THE DATE: May 5
Posted: 2012 04 26
Yes, the 34th Annual Tour of the Unknown Coast is early this year. Our traditional day before Mother’s date would have put us on the same weekend as Humboldt State University’s graduation. Virtually every hotel room in Humboldt County gets booked months in advance for HSU graduation—which would have been bad news for our visiting riders. So a week early it is.
We’ll return to our regular date for next year’s 35th Annual Tour of the Unknown Coast, Saturday May 11, 2013.
HOTELS / MOTELS AND CAMPING
While our date change assures that there will be some rooms available they’re still going to get scarce since the Avenue of the Giants Marathon is the day after the Tour of the Unknown Coast (which is also why we’ll return to our regular date in 2013). As of late
April Ferndale and Fortuna’s hotels had few vacancies, but there are still plenty of rooms in Eureka, which is less than 30-minutes away.
Remember that camping at the Humboldt County Fairgrounds is included with your entry, Friday and Saturday nights. Camp in your vehicle or pitch a tent on any of the grass areas within the Fairgrounds. RV spaces with full hook-ups are available for $20/night. With the pasta feed on Friday evening and a nice breakfast buffet on Saturday morning camping becomes an easy option. Come for early check-in on Friday, enjoy a pasta dinner, retire to your tent, stumble in to Bellotti Hall on Saturday morning for coffee and breakfast and do your ride. Easy! And you can even stay over on Saturday night.
We were so pleased with last year’s post-ride meal from Blackberry Bramble BBQ that we told them that very day to schedule us for this year. Once again they’ll have pulled-pork sandwiches, grilled chicken or grilled veggies, plus a variety of side-dishes. The meal is included for all riders in the 100-mile, 100-K and 50-mile. We’re offering the meat at our cost of $11 to our 20-mile and 10-mile riders and to all others.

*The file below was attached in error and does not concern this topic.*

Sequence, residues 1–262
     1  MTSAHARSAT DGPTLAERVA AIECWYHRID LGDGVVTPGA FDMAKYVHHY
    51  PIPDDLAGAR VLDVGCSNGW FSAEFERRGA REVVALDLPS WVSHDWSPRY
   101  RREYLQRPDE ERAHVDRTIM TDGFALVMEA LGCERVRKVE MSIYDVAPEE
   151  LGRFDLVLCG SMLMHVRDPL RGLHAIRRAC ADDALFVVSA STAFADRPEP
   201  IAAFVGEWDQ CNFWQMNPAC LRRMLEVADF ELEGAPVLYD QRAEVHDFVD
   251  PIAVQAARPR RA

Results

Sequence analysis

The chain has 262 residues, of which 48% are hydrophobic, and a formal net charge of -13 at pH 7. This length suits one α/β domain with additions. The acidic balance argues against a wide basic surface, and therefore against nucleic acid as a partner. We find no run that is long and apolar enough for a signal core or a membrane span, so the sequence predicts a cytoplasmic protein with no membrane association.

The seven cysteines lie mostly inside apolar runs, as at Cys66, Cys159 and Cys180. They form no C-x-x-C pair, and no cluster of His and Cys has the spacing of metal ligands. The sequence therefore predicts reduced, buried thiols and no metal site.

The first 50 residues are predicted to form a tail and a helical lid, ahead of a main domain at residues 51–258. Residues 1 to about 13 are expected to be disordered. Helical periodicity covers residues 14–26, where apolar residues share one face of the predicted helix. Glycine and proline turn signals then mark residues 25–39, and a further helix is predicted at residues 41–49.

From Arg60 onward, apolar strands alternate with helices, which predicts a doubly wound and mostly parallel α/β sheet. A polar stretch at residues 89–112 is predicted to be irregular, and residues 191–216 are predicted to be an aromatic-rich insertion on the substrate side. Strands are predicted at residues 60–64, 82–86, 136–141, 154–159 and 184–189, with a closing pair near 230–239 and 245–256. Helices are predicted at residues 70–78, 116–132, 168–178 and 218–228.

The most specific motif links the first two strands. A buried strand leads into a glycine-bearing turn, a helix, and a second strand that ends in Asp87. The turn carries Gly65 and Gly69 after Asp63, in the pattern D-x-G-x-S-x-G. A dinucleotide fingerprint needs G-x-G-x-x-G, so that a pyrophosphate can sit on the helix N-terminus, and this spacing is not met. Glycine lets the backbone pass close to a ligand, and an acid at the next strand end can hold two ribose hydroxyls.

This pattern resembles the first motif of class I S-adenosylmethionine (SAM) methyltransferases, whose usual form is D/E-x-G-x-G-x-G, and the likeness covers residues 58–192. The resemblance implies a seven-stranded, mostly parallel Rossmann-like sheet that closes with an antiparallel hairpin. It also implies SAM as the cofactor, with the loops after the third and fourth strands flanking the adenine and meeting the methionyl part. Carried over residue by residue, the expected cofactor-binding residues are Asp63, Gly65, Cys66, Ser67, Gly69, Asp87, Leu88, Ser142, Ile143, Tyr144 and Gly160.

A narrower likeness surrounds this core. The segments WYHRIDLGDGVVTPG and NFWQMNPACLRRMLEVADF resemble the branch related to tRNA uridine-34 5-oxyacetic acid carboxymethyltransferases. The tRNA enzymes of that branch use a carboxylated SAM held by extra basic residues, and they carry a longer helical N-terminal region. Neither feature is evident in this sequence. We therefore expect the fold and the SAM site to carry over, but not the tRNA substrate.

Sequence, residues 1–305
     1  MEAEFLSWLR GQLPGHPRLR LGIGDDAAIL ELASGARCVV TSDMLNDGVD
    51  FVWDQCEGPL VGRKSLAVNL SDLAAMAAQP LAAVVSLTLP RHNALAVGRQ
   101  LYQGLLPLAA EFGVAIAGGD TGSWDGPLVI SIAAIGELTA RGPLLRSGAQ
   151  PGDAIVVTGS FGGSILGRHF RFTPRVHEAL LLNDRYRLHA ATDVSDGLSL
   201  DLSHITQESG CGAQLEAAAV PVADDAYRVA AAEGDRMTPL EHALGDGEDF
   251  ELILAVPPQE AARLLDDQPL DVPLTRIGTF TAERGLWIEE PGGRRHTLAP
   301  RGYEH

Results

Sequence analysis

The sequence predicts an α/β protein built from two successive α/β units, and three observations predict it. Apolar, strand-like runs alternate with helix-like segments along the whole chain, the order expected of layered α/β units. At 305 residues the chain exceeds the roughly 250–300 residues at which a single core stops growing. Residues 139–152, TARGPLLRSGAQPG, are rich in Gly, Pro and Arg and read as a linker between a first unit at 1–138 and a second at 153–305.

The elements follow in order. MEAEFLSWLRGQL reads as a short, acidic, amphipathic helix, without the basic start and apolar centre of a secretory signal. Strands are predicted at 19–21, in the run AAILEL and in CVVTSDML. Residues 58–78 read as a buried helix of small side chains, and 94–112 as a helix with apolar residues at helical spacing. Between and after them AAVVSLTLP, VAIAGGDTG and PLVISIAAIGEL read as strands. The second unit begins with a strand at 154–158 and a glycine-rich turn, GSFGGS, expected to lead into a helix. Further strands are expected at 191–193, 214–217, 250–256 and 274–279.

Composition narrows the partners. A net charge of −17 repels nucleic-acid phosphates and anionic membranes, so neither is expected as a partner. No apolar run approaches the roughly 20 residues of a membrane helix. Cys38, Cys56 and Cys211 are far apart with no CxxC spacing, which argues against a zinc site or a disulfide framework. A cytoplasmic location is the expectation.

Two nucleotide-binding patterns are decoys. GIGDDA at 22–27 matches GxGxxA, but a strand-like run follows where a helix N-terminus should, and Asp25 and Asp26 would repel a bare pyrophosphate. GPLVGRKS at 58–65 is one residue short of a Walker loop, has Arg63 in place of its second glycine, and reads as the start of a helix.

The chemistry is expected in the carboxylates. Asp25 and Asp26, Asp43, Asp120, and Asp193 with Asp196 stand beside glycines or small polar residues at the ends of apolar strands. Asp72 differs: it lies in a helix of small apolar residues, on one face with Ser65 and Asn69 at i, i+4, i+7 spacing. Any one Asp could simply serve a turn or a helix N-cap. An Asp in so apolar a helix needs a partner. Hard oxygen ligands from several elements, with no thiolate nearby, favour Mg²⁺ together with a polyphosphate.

MIND YOUR MANNERS PLEASE
The Tour of the Unknown Coast is all about bicycling fun. Our mission statement is “To promote bicycling in Humboldt County.” For the most part we fulfill that aim, that is until a small minority of our participants manages to annoy the locals along the route by littering, not riding single-file, not yielding to passing vehicles, crossing the center-line and other acts of rudeness. Please, please, understand that there are hundreds of residents along our route and that many of them need to travel our route on May 5 too. Please try to accommodate them by leaving them room to pass safely. Lastly, let’s not leave behind any gel wrappers, dead tubes and such.
For most of your ride you’ll enjoy good road surfaces. Last year the section just before the Albee Creek rest stop got a complete overhaul—it’s downright nice now! However, realize that some of these roads are lightly-traveled rural roads that don’t get the type of maintenance that the more popular roads get. On the 100-mile route especially you’re going to encounter pot-holes, cracks and a few short unpaved sections. The “Wildcat,” the final descent before returning to Ferndale is especially rough. Please, control your speed. If you all just look ahead and keep your eyes open everyone will make it back to Ferndale with their skin and bones all intact.
Random words from Vic, the director of the Tour of the Unknown Coast
Posted: 2009 02 22Wow, the 31st annual Tour of the Unknown Coast is just over two months away! How time flies. I hope that you’re all training hard and getting ready.
With the economy we at the Tour of the Unknown Coast have been concerned that attendance would be down. But so far we’re only down by about 10%. My theory is that gas is about two bucks less than it was last year, and that once you own your bike, a weekend event like the TUC is relatively cheap, especially since we offer free camping to help make it more affordable.
Camping at the Tour of the Unknown Coast has gotten more popular with each passing year. And for good reason. It’s free and convenient. You can wake up in your tent, stumble over to Bellotti Hall for breakfast (it’s all you can eat for only $7) and have a leisurely time getting yourself fed and ready to depart on your ride. Compare that to staying in a hotel, where you’d have to wake up much earlier, get packed up and then drive to the fairgrounds, and it’s no wonder that camping at the venue has become the smart way to go.